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Should You Buy the Dip in This Pet Insurer?

By Kody Kester – Aug 25, 2021 at 7:18AM

Key Points

  • Trupanion extended its streak of 20%-plus revenue growth to 55 consecutive quarters.
  • Its adjusted operating income soared 32%, from $14.1 million in Q2 2020 to $18.5 million in Q2 2021.
  • This correction provides long-term growth investors with a buying opportunity.

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Trupanion reported a mixed second quarter with a revenue beat and an EPS miss.

Shares of pet insurer Trupanion (TRUP -1.89%) have fallen 19% in the past month since the company reported its second-quarter results on Aug. 5.

But was such a steep decline in the company's share price warranted? And could that potentially make Trupanion a buy for growth investors?

We'll take a look at Trupanion's second-quarter earnings report, as well as its valuation, to answer these questions.

A veterinarian performs a check-up on a dog.

Image source: Getty Images.

Growth shows little sign of slowing down

One of the key takeaways from Trupanion's second-quarter earnings was a surge in total pets enrolled; that metric was up 37.5%, from 745,000 pets in Q2 2020 to 1.024 million in Q2 2021.

This serves as a reminder of the tremendous long-term growth runway that Trupanion boasts in the global pet insurance industry. To this point, market research company Global Market Insights anticipates the global pet insurance market will grow at 7.7% annually, from $6.9 billion in 2020 revenue to $11.7 billion by 2027.

And the company is certainly on a roll; Q2 2021 emphatically extended its record of consecutive quarters of 20%-plus revenue growth, bringing that number to 55.

Trupanion has named industry veteran Simon Wheeler to its newly created international business vice president position, and management hopes that this will open up new markets to generate strong future growth.

The company's second-quarter revenue of $168.3 million beat analyst estimates of $164.9 million by 2.1%. Trupanion's second-quarter sales represented a 42.7% year-over-year growth rate compared with the $117.9 million generated in Q2 2020. This growth was driven largely by the underlying increase in Trupanion's total enrolled pets.

Trupanion's net loss of $9.2 million or $0.23 in diluted earnings per share (EPS) missed analyst estimates of an $0.12 net loss. While this may sound disappointing, CFO Tricia Plouf noted in her opening remarks in the Q2 2021 earnings call that there were two factors behind the earnings miss -- an $0.11-per-share increase in stock-based compensation, and increased depreciation and amortization to the tune of $0.04 per share.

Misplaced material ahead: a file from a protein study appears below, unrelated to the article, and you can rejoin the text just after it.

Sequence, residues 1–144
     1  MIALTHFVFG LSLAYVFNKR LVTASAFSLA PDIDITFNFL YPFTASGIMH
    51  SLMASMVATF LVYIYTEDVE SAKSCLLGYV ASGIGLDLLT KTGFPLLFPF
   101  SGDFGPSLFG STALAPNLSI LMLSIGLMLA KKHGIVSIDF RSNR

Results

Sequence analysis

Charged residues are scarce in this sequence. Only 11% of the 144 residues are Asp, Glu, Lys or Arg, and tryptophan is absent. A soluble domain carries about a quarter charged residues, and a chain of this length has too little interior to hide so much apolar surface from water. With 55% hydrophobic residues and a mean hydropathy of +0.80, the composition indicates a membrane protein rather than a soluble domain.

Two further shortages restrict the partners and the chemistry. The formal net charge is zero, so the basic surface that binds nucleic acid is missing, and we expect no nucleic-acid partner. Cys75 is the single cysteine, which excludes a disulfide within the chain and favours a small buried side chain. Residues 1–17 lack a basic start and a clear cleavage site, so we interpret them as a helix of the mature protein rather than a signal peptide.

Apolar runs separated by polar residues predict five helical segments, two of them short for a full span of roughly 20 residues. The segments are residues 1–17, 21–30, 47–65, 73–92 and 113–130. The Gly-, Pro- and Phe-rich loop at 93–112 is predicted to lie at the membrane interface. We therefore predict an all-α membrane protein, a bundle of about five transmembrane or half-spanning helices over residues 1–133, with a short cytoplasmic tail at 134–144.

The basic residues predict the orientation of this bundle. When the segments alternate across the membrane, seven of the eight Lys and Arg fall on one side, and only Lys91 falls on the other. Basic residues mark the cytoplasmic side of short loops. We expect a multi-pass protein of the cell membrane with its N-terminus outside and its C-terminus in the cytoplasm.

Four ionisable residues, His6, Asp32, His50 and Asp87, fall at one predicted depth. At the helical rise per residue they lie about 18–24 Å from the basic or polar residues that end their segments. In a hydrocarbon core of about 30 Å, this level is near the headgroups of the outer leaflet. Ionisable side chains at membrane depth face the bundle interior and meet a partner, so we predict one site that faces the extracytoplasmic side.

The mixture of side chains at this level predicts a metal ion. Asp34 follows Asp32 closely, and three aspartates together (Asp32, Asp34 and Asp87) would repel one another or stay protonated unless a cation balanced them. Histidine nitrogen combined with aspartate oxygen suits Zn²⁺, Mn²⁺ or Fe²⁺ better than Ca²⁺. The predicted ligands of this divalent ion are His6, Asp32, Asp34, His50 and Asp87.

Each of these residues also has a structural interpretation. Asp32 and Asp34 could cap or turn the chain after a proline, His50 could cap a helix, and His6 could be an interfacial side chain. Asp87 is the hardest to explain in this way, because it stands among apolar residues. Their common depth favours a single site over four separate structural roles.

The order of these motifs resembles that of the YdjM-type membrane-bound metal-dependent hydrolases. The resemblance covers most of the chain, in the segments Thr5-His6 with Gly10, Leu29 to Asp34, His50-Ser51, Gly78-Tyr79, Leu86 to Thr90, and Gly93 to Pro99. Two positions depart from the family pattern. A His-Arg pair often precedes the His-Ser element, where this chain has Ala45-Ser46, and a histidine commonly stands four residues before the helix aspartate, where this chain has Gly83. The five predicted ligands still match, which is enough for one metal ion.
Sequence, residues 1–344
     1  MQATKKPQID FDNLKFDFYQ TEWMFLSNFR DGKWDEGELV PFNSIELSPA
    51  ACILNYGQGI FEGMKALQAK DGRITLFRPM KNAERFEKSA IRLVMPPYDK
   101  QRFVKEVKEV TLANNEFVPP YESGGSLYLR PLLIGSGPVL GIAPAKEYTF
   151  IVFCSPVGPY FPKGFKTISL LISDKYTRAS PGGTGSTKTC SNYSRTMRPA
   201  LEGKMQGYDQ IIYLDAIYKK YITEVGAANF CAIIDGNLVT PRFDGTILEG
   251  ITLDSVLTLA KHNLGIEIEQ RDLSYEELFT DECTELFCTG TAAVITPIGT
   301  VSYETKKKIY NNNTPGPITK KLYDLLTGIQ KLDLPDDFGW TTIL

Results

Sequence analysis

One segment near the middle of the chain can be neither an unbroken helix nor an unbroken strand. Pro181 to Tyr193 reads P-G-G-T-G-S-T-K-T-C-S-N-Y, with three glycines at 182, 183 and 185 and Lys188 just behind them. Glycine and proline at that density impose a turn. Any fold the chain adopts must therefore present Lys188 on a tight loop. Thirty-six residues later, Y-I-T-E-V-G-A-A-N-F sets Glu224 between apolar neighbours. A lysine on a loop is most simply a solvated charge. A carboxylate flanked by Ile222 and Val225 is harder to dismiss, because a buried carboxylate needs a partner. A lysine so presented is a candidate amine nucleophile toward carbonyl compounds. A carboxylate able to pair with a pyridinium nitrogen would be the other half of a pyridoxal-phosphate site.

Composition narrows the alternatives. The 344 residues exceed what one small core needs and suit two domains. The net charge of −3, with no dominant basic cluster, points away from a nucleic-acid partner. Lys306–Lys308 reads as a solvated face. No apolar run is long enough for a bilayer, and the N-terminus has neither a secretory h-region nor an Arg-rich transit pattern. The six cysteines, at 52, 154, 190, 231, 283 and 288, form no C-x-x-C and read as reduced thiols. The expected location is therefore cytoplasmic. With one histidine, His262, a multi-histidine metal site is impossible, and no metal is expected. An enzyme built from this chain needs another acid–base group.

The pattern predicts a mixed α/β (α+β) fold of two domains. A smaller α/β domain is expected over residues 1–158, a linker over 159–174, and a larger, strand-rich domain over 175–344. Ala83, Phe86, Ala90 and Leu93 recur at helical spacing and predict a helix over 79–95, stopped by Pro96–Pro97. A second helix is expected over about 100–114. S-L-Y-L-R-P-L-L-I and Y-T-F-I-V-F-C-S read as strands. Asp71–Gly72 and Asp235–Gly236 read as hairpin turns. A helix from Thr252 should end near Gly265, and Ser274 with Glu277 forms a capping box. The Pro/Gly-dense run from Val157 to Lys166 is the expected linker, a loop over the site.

The arguably more accurate way to interpret Trupanion's profitability is by looking at its adjusted operating income, which Founder and CEO Darryl Rawlings explained in the earnings call as "profits generated from our existing book of business." This is because Trupanion is consistently reinvesting in its business to expand its enrolled pets and grow its market share.

Adjusted operating income was up 32% year over year, from $14.1 million in Q2 2020 to $18.5 million in Q2 2021, which is an indication that its existing customers remain engaged and that its growth strategy is paying off.

A flawless balance sheet to fund growth

An equally important piece of Trupanion's growth puzzle can be found in its balance sheet, which I would argue also positions the company well for the future.

As of the end of Q2 2021, Trupanion maintained a combination of $219.4 million between cash and cash equivalents ($117.3 million) and short-term investments ($102.1 million). For context, this equates to approximately 6% of Trupanion's $3.77 billion market capitalization.

And not only is Trupanion's balance sheet flooded with liquidity to fund its growth ambitions, the company also has no long-term debt obligations to consume its cash and short-term investments balance.

Is Trupanion a buy?

Trupanion is trading at about 5.5 times this year's analyst revenue forecast of $688.2 million and only 4.3 times next year's analyst revenue forecast of $871.3 million.

Conservatively factoring in average annual revenue growth of 25% on Trupanion's 2020 revenue base of $502 million over the next five years (which is notably less than the actual 27.8% compound annual growth rate from 2015 to 2020), Trupanion's price-to-sales ratio would fall to 2.5 ($3.77 billion market cap/$1.53 billion in 2025 revenue).

Overall, Trupanion's correction from a pre-earnings-report market cap of roughly $4.6 billion to less than $3.8 billion provides growth investors with an even better buying opportunity than just a few weeks ago. The market's overreaction to Trupanion's earnings miss appears to be a gift to long-term growth investors.

Kody Kester has no position in any of the stocks mentioned. The Motley Fool owns shares of and recommends Trupanion. The Motley Fool has a disclosure policy.

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